Penhill House

Penhill House was F. M. Alexander’s second home 1925–55 and also housed the Little School 1934–40.


Penhill House was located near Sidcup, Bexley, Bexleyheath, Kent. It was originally part of the Lamorbey Estate (Lamorbey House still exists and now houses Rose Bruford college[1]). The Estate had been divided up in 1761, and one part comprised Penhill House, a cottage, stables with adjacent gardens and outbuildings. By the time Alexander bought it in 1925 it consisted of 19 acres of farm land. The house had two drawing rooms, a smoking room, a lobby hall and a kitchen on the ground floor, five bedrooms and a dressing room on the first floor, and four servants’ bedrooms on the second floor.[2]

F. M. Alexander at Penhill House

As the Little School started in 1924 (and located at Ashley Place until 1934), Ashley Place became too small for Alexander and his wife (he had married Edith Page 10 August 1914), especially since he at that time ceased to spend several months of the year teaching in New York and Boston. He therefore bought Penhill House 25 March 1925. Edith would live at Penhill together with their adopted daughter, Peggy, and Alexander would travel to London every day (although he would occasionally spend a night at Ashley Place).

Alexander employed a number of staff taking care of the grounds and the house, and some of these lived in Penhill House or an adjacent cottage.

Edith separated from Alexander and moved out of Penhill House together with Peggy in 1929.[3]

As the teachers training course grew in size and there was more demand for teaching rooms, it was decided to move the Little School to Penhill House in the summer of 1934 and make it a boarding school. It remained there until the school was evacuated to the US in 1940.

The South African Libel case had been expensive, and Jackie Evans writes in her family history of Alexander that Alexander sold the property because of the cost of the libel case. (But there were probably also other reasons for selling Penhill. The Little School had ceased after its sojourn in the US, and probably it was getting difficult to get staff as wages increased after WWII.) Because of local council restrictions he could not sell the house for its full value, and a legal appeal against these restrictions failed. Penhill House was finally sold 18 March 1955.[4] It was torn down and the area was used mainly for housing.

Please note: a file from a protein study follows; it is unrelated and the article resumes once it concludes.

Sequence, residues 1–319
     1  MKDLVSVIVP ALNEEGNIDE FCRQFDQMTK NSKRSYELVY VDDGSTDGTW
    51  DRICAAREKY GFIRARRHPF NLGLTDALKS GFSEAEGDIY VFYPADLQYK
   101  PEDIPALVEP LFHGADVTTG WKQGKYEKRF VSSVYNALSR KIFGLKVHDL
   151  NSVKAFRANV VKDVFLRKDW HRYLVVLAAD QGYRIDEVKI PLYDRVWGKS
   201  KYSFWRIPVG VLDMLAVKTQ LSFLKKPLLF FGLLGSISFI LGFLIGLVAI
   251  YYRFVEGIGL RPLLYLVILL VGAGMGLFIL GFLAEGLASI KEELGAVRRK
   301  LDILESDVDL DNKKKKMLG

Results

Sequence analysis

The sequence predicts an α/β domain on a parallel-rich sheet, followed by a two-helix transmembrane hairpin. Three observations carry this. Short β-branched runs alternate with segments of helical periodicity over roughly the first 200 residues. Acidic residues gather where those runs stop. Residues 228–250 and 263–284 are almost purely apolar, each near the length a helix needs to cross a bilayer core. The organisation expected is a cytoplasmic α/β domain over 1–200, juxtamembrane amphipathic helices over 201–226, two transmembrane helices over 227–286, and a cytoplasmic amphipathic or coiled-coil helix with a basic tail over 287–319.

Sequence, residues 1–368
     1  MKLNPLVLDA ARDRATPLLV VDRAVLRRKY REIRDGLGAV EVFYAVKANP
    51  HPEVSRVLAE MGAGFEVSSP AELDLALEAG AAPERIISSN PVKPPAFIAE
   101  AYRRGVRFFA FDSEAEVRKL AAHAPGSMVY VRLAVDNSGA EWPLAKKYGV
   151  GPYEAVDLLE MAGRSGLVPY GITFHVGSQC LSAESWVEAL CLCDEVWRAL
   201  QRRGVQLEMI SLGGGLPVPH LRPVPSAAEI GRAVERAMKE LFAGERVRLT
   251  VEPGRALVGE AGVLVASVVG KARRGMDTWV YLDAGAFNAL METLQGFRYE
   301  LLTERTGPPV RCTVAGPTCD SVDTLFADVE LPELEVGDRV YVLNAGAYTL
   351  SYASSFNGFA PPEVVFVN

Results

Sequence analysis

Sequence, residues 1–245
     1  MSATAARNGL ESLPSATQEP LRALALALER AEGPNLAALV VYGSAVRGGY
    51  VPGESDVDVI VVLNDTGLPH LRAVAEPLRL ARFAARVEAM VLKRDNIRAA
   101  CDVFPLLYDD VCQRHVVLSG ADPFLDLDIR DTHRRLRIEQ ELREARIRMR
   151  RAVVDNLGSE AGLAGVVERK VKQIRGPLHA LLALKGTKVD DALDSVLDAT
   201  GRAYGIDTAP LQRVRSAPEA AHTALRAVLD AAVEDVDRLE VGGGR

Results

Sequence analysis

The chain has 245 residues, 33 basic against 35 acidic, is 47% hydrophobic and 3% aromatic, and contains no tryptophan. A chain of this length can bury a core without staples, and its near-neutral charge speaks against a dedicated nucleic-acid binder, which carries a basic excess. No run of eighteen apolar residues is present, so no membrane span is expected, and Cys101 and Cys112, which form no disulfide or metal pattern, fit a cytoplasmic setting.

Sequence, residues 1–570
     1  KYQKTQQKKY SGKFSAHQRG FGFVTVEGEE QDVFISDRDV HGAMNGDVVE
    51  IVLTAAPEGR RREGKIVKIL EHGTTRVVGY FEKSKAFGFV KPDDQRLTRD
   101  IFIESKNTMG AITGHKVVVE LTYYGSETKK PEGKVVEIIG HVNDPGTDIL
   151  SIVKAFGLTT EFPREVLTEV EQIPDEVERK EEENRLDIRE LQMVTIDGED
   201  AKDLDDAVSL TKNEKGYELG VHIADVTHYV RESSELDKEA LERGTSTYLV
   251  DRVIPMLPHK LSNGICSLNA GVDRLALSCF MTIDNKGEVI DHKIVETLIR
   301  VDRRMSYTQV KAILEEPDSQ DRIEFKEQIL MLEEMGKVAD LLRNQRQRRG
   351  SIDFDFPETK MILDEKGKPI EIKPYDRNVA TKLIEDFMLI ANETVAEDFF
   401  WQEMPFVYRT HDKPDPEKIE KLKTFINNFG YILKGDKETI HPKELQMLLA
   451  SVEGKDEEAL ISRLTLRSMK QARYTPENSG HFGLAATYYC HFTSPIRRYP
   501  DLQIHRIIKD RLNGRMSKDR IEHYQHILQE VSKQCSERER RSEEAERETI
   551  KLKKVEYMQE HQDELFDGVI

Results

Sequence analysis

Lulie Westfeldt was critical of the colours Edith Page had selected for the interiors:

Outside, the house was pleasing, unpretentious and comfortable. Inside, one saw again the strange colour schemes of Mrs Alexander. They did not look so well at Penhill as they did at Ashley Place. They seemed less suitable for a simple country house, too sophisticated and somewhat unwholesome.[5]

A number of pictures of the outside of the house and garden exists. The ‘Penhill House’ brochure, advertising the ‘The F. Matthias Alexander Trust Fund’ school as a boarding school in Penhill, contains three pictures.[6]

Marjorie Barstow’s video from around 1931-34 contains film footage of the first training course students working in the garden, of a garden party, and of a walk in the surrounding park land.[7]

This film footage also contains a brief section of a summer term dinner party inside the house but it is so dark that it is difficult to make out details of the room.

See also South African Libel Case, Ashley Place.


[2] Frederick Matthias Alexander – A Family History by Jackie Evans (Phillimore & Co., 2001), pp. 176–78.
[3] Frederick Matthias Alexander – A Family History by Jackie Evans (Phillimore & Co., 2001), p. 186.
[4] Frederick Matthias Alexander – A Family History by Jackie Evans (Phillimore & Co., 2001), p. 238.
[5] F. Matthias Alexander: The Man and His Work by Lulie Westfeldt (Mouritz, 1998 [1964]), p. 43.
[6] Reproduced in appendix one in The Alexander Times Vol. 2: 1933-1934 edited by Jean M. O. Fischer (Mouritz, 2017), pp. 206–10.
[7] F. M. Alexander 1949-50 DVD narrated by Walter Carrington (Mouritz, 2010).